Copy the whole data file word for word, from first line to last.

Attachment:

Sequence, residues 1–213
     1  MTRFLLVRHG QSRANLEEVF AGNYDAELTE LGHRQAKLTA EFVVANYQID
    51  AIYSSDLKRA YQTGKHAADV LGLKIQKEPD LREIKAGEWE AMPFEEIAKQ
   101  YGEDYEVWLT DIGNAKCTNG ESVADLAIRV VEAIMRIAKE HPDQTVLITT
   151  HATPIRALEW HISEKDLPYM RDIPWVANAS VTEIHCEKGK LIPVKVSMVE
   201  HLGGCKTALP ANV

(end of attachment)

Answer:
Sequence, residues 1–213
     1  MTRFLLVRHG QSRANLEEVF AGNYDAELTE LGHRQAKLTA EFVVANYQID
    51  AIYSSDLKRA YQTGKHAADV LGLKIQKEPD LREIKAGEWE AMPFEEIAKQ
   101  YGEDYEVWLT DIGNAKCTNG ESVADLAIRV VEAIMRIAKE HPDQTVLITT
   151  HATPIRALEW HISEKDLPYM RDIPWVANAS VTEIHCEKGK LIPVKVSMVE
   201  HLGGCKTALP ANV